Sherron Watkins never wanted to be a whistle-blower or a star-and certainly not a hero. She was just a 42-year-old bean-counter whose knack for numbers had won her a vice presidency at America's seventh-largest company. With a good salary and a generous retirement plan, she should have been set for life. Regrettably for Mrs. Watkins and thousands of others like her, America's seventh-largest company happened to be Enron.
The spectacular collapse of the energy giant has created the rarest of moments in American public life: unanimous moral outrage among the moral relativists in politics and the media. Congress has planned no fewer than 11 separate hearings into the Enron scandal, with Republicans and Democrats battling to project the greater image of righteous indignation. Meanwhile, Time magazine, that arbiter of uprightness, has condemned the whole episode as nothing less than "a failure of character."
The one hero to emerge from the wreckage of Enron is none other than Sherron Watkins. Of the scores of players-executives and consultants, lawyers and accountants-with access to Enron's numbers, only Mrs. Watkins dared to question the company's financial shell game. In a seven-page memo written to chairman Kenneth Lay last August, she accused her employer of manipulation and deceit, if not outright fraud.
"We're such a crooked company," she charged, quoting a co-worker who also had seen the books. Enron's huge profits were "nothing but an elaborate hoax," she insisted, and the whole company could come crashing down "if these transactions are ever disclosed in the bright light of day."
"She was just concerned for the company," her mother, Shirley Harrington, told WORLD. (Mrs. Watkins isn't speaking to the press.) "She was trying to get the information to them so that they could quietly correct the situation. She was afraid it would cause the company to go down."
Indeed, the "good Christian girl from a small town where everybody knows everybody" was hardly a gung-ho crusader. She was torn for months over making her concerns known. One of her friends, company treasurer Jeff McMahon, had been transferred when he complained to CEO Jeffrey Skilling about the financial sleight-of-hand. Not wanting to suffer a similar punishment, Mrs. Watkins kept her mouth shut.
When Mr. Skilling abruptly resigned on Aug. 14, the whole company was shaken. Chairman Lay invited all employees to share their concerns at a meeting two days later, but Mrs. Watkins was still afraid to speak out publicly. Instead, she wrote her concerns in a letter and quietly dropped the anonymous document into a box at work.
After another week of uncertainty, Mrs. Watkins called a friend at Arthur Andersen, Enron's accounting firm, to share what she'd found. The next day, armed with her now-famous memo, she finally met with Mr. Lay face-to-face. The chairman assured her that he would look into the matter and take whatever steps were necessary.
Mrs. Watkins couldn't know at the time that in just the two previous days, her boss had dumped nearly 100,000 shares of Enron stock, earning a profit of $1.5 million. Indeed, throughout the summer, top company officials had made billions of dollars exercising stock options at inflated prices before the scandal could render them worthless.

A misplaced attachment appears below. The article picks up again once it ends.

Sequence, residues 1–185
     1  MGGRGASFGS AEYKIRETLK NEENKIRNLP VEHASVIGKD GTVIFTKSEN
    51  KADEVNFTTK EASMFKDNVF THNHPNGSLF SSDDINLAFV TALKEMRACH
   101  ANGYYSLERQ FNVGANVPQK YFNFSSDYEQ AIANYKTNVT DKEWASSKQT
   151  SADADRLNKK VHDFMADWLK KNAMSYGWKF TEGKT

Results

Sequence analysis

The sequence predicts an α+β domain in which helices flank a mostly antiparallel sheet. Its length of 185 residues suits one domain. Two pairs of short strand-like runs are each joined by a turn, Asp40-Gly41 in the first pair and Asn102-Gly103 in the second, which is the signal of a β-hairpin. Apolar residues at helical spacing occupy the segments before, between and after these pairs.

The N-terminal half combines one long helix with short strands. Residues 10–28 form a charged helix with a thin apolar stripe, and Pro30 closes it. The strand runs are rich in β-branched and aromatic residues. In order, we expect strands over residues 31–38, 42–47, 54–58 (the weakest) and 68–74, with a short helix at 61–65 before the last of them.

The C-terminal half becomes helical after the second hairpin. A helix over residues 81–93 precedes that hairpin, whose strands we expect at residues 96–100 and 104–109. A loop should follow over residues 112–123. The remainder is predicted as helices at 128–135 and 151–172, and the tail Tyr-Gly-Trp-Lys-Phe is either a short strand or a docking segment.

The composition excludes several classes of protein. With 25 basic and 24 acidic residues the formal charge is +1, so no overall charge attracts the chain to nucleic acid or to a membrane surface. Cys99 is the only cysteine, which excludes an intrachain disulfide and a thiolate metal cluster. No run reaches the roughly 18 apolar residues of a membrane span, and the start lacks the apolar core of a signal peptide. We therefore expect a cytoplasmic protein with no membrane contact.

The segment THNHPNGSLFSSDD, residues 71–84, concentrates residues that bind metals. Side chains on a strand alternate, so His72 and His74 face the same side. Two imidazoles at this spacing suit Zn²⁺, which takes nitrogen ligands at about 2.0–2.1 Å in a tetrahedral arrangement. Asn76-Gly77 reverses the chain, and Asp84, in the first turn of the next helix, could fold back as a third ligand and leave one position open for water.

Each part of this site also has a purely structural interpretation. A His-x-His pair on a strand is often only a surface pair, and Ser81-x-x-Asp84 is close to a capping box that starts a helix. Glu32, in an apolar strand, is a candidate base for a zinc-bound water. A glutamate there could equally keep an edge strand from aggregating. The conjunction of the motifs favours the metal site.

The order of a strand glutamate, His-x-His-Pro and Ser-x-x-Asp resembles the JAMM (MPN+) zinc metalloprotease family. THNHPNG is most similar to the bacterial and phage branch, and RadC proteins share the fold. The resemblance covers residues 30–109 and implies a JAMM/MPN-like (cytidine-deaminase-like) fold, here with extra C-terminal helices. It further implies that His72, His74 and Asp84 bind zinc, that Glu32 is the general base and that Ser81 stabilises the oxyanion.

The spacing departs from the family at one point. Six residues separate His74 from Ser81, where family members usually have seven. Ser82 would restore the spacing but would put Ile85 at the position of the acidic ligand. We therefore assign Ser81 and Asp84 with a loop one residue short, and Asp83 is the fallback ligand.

But not Mrs. Watkins. Despite her fears of an imminent collapse, she stuck by her company and refused to dump its stock. Still, she was uneasy. In early September, shortly after confronting Mr. Lay, she went to Carl Hamilton, an associate pastor at First Presbyterian Church of Houston, to ask his advice. She wanted to do the right thing at work, but she was uncertain how to handle the situation.
At her pastor's urging, she started attending a lunchtime Bible study with other professional women in her church. She already was active in the BASIC (Brothers and Sisters in Christ) class at First Presbyterian, which was just winding up a three-year study in the Gospel of John.
"Sherron is probably the most amazed person in the world that this has stirred up front-page headlines all over the world," said Jack Modesett, her Sunday school teacher. "She just believes that she is called to live the truth.... I would say that she reacted based on what she simply believed was right. I don't know that it's any more complicated than that. People on the outside looking in, look for complex motives in Christians. Sometimes we're puzzled as to why people think it's such a big deal."
Her mother agreed. "Sherron has a real strong Christian background. We've always had devotionals in our family every morning before everybody went off to work or school. You just learn to do the right thing.... When my daughter answered the communiqué [from Chairman Lay], she assumed others would be doing the same thing. She didn't know she was going to be the only one."
But doing the right thing has turned life upside-down for the accountant with a 5-year-old marriage and a 2-year-old daughter. Her gray saltbox house in an affluent Houston suburb was besieged with reporters, and her phone rang off the hook.
"Sherron is feeling tremendous pressure from being placed in the limelight, which she never wanted," according to Mr. Hamilton, her pastor. "She's been to see me several times since this has come up. She wants to know how to be a Christian witness in the midst of all that's going on.
"She knows she's not perfect. She told me, 'I've been a tough boss, and I'm sure I've said some things I shouldn't have said along the way.'... But this is someone who's very conscious of wanting to do what's right."
Already under subpoena by the Securities and Exchange Commission, Mrs. Watkins expects to be called by several congressional committees, as well. Though it's all a little overwhelming, her mother says she's ready to do her duty. "I don't think she's fearful. The Lord gives you the skills that you have, and He gives you peace and strength when you need it. She puts her trust in Him."